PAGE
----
DepEd needs P37 billion to provide laptops for distance learning | Inquirer News

DepEd needs P37 billion to provide laptops for distance learning

MANILA, Philippines — The Department of Education (DepEd) needs about P37 billion to provide all teachers in the country with laptops and ensure data connectivity as the government continues to implement distance learning system due to the pandemic.

At the House budget hearing on the DepEd on Tuesday, Undersecretary Alain Pascua told lawmakers that the agency does not have enough funds to provide laptops and internet connection to all teachers.

“We have a direction, we have a framework. In fact, we know how much funds we need. For example, if we will be providing all teachers with the needed laptops considering the existence of laptops that we have now, we still need P33 billion to provide everybody with laptops,” Pascua said.


“And then we need another P4 billion for data connectivity for next year for 12 months of connectivity. We have already made several programs, but always at the end of the day, it’s always the amount of funds needed for these programs that we are obviously lacking at this time,” he added.


In August this year, Pascua said the DepEd would deliver 40,000 laptops to its teachers, schools and field offices for the continued implementation of its Basic Education-Learning Continuity Plan.

Connectivity problem

During the hearing, Pascua said the 211,000 units of laptops procured in 2019 had already been delivered while another 36,676 units purchased in 2020 were currently being delivered.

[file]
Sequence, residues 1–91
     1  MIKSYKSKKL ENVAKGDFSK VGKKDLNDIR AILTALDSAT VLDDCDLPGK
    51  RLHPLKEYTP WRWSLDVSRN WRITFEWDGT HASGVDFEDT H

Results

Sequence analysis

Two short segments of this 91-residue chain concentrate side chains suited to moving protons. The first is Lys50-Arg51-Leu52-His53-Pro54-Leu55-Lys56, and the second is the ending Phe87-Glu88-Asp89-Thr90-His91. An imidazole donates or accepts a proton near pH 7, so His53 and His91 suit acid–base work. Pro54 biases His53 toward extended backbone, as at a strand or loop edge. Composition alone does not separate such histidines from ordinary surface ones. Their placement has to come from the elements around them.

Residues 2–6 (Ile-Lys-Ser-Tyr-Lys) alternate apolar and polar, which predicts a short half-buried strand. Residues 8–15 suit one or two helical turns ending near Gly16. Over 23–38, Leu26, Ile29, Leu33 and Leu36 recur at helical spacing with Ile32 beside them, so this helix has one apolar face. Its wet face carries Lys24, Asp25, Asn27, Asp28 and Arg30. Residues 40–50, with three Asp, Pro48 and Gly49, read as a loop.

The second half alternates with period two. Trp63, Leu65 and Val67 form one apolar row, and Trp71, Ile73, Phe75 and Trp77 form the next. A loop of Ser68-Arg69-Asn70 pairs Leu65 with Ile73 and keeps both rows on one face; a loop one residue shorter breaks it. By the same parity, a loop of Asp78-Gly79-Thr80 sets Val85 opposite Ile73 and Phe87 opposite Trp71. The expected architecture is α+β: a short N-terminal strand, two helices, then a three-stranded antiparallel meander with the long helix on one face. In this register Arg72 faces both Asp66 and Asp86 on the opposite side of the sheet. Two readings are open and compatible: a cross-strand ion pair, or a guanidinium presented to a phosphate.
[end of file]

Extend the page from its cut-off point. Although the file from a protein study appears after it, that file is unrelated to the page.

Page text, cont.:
He added that 65,683 laptops were still being procured aside from the 40,000 units already procured this year under Bayanihan 2.

“What is really a matter of importance is the connectivity of these devices and sad to say the connectivity of these devices, when it comes to mandates of government agencies, will fall under the Department of Information and Communications Technology, because this is the laying down of infrastructure of data and internet connectivity throughout the country,” he said.

Less enrollees

At the same hearing, Education Secretary Leonor Briones said the DepEd had recorded 25,582,224 enrollees a day after the opening of classes on Monday, still short of the 26,227,022 enrollees last year.

But Briones told lawmakers that they were expecting enrollment numbers for school year 2021-2022 to match that of the previous school year after the agency extended the enrollment until Sept. 30.


Meanwhile, the Alliance of Concerned Teachers (ACT) Philippines party list staged a protest at the House of Representatives on Tuesday as Congress conducted its deliberation on the DepEd’s P589.2-billion budget proposal for 2022.

The group called for increased funding for the safe reopening of schools and support for the implementation of distance learning.

“The Philippines is almost becoming a world record holder for the longest closure of schools amid the pandemic and it is infuriating that there is still no budget allocation for 2022 that will aid the safe reopening of schools,” said Raymond Basilio, secretary general of ACT.

The teachers’ group denounced the “Duterte administration’s ‘clear lack of plans to safely reopen schools anytime soon, judging by the budget allocated to DepEd.’”

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It noted a 51-percent budget cut on the allocation for basic education facilities, from P11.1 billion in 2021 to P5.4 billion for 2022.


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